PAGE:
Sunday, July 29, 2012

The Weird Sisters by Eleanor Brown

book cover from LibraryThing
I was ready for an adult book after so many YA titles and this one didn't disappoint me! I loved it!  yes - it's full of cliches and stereotypes - but I found that comforting and enjoyable!

The story follows three sisters all migrating back to their family home for different reasons - but there to help their mother as she faces breast cancer.  Well, they claim they are there for their mother.  But...

Rose (Rosalind) is the oldest and a math professor at a nearby college. She is the classic oldest - in charge of her own life and every other person around her.  She lives at home with mom and dad ( a professor of Shakespeare at another college) and picks up the slack as mom gets distracted and dad lives in the the literary world of his beloved Shakespeare.  She is engaged and her beau has taken a year visiting professorship in England.  Duties and responsibilities are keeping Rose grounded at home.

Then there is Bean (Bianca) who has fled home to the bright lights of New York, only to slink home broke and disgraced. Bean knows how to use her body to get what she wants - she is manipulative and selfish and focused.  She also is deeply in hate with herself and trapped in her destructive ways.

Lastly, there is the baby Cordy (Cordelia).  She has been on a several year tour of the US - following bands and homeless and living the life of the sixties hippies decades too late.  She is drawn home by an un-expected pregnancy.  And steps in not explaining or making excuses.

Mom and dad are slight characters - they are important to the story - but they aren't the story.

Rather it is the sisters and the way the move between what their stereotype says and way they want to be. This is a feel good family book - all works out the way it's supposed to... that was exactly the kind of story I was looking for!

I have two sisters and kept wondering if we fit in the same molds.
I don't think so... but I liked wondering.

Read it.

The Summons by John Grisham

cover image by LibraryThing
We have a tradition in our family  - when we go on a road trip I choose a book to read aloud to my husband. It makes the time go quickly and doesn't bother my daughters watching movies in the back seat. This year our trip took us on a 12 hour road trip to Colorado and The Summons was perfect for that. It had just enough details to keep our attention but not bury us and not too many characters.  We have read many Grisham's over the years and some how we missed this one.

In the opening scenes retired Mississippi Judge Atlee summons his two sons to a meeting.  He is then found dead by his son Ray, the law professor from up north in Virginia.  While waiting for his delinquent brother Forrest to show up at the house Ray stumbles on boxes of cash in an old bookshelf - lots of cash - three million dollars of cash.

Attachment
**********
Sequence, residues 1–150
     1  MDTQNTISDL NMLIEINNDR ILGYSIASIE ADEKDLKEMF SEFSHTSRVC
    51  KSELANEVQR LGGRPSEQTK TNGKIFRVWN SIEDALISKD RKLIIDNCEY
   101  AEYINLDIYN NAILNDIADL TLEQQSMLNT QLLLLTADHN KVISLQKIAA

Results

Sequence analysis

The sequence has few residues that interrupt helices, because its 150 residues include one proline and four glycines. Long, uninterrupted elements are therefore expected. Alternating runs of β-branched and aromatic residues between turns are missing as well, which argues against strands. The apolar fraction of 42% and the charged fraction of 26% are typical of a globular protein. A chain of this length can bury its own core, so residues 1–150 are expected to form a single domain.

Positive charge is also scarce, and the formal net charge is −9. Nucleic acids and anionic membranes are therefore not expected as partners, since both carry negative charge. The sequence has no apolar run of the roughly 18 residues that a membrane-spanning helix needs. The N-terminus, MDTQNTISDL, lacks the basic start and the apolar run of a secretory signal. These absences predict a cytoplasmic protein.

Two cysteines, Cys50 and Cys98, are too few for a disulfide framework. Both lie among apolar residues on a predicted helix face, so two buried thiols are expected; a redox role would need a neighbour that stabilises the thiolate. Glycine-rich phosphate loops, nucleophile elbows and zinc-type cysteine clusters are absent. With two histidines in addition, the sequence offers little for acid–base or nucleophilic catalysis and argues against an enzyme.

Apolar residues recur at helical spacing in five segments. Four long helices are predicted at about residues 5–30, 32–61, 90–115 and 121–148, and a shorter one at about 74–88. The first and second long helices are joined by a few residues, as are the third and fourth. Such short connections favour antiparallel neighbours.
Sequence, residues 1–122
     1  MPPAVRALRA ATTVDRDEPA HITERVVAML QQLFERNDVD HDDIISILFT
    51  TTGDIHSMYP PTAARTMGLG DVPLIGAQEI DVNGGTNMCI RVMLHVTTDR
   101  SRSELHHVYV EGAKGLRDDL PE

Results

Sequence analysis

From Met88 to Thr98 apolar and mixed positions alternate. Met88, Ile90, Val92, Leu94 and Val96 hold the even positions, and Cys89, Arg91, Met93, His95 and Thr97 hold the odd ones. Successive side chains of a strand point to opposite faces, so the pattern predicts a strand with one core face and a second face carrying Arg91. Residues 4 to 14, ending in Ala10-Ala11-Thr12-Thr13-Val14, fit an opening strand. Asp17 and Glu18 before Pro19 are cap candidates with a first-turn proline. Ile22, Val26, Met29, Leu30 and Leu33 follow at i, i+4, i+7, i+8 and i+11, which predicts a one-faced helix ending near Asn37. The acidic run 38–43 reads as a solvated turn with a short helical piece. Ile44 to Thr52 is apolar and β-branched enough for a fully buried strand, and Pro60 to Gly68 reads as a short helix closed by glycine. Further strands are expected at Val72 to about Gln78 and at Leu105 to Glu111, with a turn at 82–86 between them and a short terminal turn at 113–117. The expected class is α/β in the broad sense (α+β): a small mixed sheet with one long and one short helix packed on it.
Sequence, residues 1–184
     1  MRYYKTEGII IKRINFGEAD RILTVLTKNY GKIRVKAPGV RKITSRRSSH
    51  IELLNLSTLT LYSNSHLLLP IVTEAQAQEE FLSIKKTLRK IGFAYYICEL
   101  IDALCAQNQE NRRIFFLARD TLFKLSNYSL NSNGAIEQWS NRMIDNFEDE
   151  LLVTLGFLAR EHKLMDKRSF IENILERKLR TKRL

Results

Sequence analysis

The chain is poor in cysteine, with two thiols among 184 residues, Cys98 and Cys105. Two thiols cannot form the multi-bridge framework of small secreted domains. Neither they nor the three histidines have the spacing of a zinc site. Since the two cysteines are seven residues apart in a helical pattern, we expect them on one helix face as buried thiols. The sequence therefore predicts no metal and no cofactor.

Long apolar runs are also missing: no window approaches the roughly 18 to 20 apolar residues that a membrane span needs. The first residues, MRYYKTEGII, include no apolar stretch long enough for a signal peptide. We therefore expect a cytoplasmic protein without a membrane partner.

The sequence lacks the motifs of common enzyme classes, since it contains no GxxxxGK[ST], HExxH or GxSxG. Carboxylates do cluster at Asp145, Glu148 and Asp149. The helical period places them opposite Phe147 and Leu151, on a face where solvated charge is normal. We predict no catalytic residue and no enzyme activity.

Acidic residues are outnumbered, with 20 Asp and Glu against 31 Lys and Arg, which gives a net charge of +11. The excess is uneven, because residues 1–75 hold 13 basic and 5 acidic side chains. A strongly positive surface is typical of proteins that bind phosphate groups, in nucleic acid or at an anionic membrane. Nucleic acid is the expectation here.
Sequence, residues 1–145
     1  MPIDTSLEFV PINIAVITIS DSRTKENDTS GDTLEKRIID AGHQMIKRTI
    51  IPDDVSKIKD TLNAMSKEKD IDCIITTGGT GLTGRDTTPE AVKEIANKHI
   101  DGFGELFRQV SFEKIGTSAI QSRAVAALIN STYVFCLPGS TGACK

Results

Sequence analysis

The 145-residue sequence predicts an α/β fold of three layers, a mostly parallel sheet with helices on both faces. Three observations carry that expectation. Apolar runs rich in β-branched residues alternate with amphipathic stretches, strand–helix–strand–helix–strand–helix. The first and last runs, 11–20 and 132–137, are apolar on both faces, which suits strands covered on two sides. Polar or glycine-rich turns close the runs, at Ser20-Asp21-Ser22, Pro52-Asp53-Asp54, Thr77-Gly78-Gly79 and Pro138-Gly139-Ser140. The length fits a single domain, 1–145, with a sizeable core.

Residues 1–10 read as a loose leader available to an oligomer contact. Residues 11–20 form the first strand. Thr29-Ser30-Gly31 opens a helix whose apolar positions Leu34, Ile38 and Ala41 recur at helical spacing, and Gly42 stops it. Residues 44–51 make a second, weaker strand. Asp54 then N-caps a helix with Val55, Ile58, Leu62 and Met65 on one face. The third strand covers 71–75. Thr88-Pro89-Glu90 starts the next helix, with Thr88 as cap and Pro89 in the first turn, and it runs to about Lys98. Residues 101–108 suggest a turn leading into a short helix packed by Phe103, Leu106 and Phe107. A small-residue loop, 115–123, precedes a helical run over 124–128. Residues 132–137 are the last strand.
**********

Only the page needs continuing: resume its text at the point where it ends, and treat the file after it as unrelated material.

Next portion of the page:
And with that Ray's organized world disintegrates.  How can his straight laced, law abiding, pig headed father have so much cash and never mention it?  And what in the world was he supposed to do with it? If he turns it over to the police it will disappear to the inheritance taxes.
If he shares it with his brother Forrest will probably kill himself with drugs and alcohol.
If he hides it how will he be able to use it?
And who is that person rattling the windows on his father's deserted house - do they know about the money???

Ray begins a cross-country odyssey carrying the money from hotel room to trunk to storage unit and back again all the while trying to solve the mystery of his father and the cash and who is following him.

All of Grisham's books make you care about the character - but most also have a perfect moral compass. This one doesn't quite.  The money is not Ray's - right?  So what would you do?

And at the end I was happily surprised.

This was a great page mile-eating page-turner!!

The Roar and The Whisper by Emma Clayton

Cover image by LibraryThing
I really liked The Roar and was anxious to read the sequel The Whisper. Anxious enough to buy it online and read it on my iPad while at a conference out of state.  But, I was very disappointed!

Let me start back at the beginning again.

The Roar is the story of a horrible world future.  In this world an animal plague was turned loose and pets attacked and killed their owners. In order to keep humanity safe - an enormous wall was built encircling the globe just a little south of England.  All humanity was secured behind the wall and all life outside the wall was destroyed - a vast wasteland.

A very odd thing happened after this event - no children were born for years and the first offspring were born with strange appendages and mutant traits.  Life continues in this horrible concrete pen until the children are 12.  And then...

cover image by LibraryThing